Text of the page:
David: I wondered what you thought of the stickers used to put photographs in albums. The ones I use are about 1 cm wide and 1 1/2 long. These have a paper covering that you remove on both sides. They are sold as archival quality, and will not harm your photographs according to the box.

James
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Old 17-08-11, 09:24 PM
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I keep my cloth in a binder normally used for medals - clear plastic slots, 6 to a page, with holes punched to allow easy insertion and removal. Each cloth item is in a clear medal envelope and the envelope slotted into its place on the page. The envelopes will take a pair of standard shoulder titles or a divisional sign or a slip-on. The medal envelope and outer page slot keep the cloth dust free and the nature of the thing also keeps everything flat. David
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Old 18-08-11, 02:13 AM
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James, I think I know the ones you mean. There are a number of different "archival" ones available. All I'm saying is, just be aware that all adhesives are not made equal, and some change over time. If you see signs of any discolouration (yellowing), take them off. The other thing about any pressure-sensitive adhesive is that it can dry out over time and what you have attached to it may fall off (just like Scotch Tape/Sellotape does). David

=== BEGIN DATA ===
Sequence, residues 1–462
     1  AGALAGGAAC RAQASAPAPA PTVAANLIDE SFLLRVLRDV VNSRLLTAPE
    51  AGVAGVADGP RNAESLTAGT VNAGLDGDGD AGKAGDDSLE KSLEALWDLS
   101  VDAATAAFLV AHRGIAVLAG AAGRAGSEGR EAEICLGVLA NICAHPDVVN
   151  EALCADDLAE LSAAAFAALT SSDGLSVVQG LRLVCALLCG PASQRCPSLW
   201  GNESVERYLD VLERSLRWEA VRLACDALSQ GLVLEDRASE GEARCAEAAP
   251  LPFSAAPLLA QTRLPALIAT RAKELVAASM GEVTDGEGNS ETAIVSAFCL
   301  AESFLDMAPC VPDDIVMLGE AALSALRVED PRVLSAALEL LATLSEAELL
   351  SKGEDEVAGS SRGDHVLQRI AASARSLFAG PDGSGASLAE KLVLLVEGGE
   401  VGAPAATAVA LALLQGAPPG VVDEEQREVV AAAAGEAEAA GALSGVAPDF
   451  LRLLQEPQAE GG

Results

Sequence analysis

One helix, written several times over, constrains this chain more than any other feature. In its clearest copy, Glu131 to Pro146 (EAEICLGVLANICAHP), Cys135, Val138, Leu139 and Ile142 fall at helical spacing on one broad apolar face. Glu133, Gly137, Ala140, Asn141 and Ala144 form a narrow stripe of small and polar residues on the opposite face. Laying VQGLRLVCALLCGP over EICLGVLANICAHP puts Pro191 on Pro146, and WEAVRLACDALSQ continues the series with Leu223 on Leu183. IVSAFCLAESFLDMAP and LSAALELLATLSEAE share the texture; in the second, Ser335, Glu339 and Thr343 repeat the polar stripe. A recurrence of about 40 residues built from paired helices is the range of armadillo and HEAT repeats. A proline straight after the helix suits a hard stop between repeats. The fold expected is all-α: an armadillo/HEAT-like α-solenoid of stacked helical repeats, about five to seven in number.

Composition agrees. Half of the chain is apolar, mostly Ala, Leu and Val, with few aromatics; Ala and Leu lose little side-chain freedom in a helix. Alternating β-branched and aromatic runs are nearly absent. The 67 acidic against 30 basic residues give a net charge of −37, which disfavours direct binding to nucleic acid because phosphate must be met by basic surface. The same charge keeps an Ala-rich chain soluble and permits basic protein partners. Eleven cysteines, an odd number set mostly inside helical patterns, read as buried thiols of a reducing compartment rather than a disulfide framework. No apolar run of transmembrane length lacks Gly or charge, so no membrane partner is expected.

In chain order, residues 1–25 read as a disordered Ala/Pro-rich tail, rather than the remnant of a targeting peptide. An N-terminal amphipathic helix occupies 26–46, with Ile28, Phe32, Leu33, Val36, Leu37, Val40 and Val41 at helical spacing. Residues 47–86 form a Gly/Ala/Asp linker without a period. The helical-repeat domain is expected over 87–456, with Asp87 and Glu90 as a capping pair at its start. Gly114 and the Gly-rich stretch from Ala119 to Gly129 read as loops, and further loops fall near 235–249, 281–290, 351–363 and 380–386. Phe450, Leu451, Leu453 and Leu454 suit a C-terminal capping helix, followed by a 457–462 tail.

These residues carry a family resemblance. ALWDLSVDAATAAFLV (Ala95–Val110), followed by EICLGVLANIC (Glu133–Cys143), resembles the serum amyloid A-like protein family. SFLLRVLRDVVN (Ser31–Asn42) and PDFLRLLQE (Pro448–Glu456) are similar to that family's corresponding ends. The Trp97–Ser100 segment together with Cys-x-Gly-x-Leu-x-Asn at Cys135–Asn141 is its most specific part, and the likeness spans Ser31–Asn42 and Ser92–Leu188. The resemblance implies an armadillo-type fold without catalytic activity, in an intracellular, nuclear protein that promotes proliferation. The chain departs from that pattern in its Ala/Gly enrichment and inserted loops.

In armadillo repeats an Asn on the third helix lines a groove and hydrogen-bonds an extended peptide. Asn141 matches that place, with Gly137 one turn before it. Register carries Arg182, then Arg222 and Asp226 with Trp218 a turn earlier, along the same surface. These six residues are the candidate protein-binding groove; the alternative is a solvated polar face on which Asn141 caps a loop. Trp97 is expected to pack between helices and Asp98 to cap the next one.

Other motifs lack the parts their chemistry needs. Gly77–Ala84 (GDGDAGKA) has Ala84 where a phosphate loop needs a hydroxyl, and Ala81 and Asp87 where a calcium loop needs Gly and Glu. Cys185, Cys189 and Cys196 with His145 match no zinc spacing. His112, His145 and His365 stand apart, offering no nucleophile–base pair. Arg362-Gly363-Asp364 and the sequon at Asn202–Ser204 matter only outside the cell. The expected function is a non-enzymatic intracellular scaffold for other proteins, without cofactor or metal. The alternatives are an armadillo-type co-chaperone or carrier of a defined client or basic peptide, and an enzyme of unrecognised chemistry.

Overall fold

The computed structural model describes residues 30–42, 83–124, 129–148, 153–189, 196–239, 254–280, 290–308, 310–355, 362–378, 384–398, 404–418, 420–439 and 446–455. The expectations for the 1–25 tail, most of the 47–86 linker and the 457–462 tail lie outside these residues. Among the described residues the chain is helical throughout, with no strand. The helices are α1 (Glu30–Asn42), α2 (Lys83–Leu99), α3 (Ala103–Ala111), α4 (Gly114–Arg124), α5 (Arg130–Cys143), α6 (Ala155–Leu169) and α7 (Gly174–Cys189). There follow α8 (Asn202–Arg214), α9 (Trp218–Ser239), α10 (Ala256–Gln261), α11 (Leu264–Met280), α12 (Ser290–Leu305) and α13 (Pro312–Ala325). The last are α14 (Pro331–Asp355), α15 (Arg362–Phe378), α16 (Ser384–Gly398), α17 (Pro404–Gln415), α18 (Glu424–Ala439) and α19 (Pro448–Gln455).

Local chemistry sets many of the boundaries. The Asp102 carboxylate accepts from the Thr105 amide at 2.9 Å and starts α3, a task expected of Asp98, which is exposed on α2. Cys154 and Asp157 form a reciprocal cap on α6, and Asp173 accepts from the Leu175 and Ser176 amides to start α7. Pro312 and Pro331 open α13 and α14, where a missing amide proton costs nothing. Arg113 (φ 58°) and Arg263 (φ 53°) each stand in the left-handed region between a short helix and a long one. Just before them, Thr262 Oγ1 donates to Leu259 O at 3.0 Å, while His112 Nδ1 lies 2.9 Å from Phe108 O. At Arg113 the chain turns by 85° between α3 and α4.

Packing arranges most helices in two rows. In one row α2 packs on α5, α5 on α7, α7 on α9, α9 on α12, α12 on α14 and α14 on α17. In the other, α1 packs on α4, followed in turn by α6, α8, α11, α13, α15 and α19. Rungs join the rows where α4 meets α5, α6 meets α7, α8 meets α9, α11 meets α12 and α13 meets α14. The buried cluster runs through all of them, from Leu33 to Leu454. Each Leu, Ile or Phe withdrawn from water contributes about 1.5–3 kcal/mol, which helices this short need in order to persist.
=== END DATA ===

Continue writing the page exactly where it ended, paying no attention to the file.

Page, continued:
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Old 19-08-11, 01:12 AM
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I have been using two- way tape for a few years now. The only problem I have encountered is the newer patches with the "plastic" back do not stick well and ocassionaly fall off. Am considering stiching them to a scrap of cloth which should overcome this problem. Cheers Brian
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Old 19-08-11, 05:43 AM
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I bought these display cabinets for 5 English and place them on a card table. I also cut out some mount board card to lay the titles etc on top of.
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  #12  
Old 19-08-11, 07:59 AM
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You can do far worse than buy shallow glass-topped trays with foam inserts from Peter Scott at the Just-in-Case Company. Prices (for what you get) are very reasonable and there are sizes to suit every need. David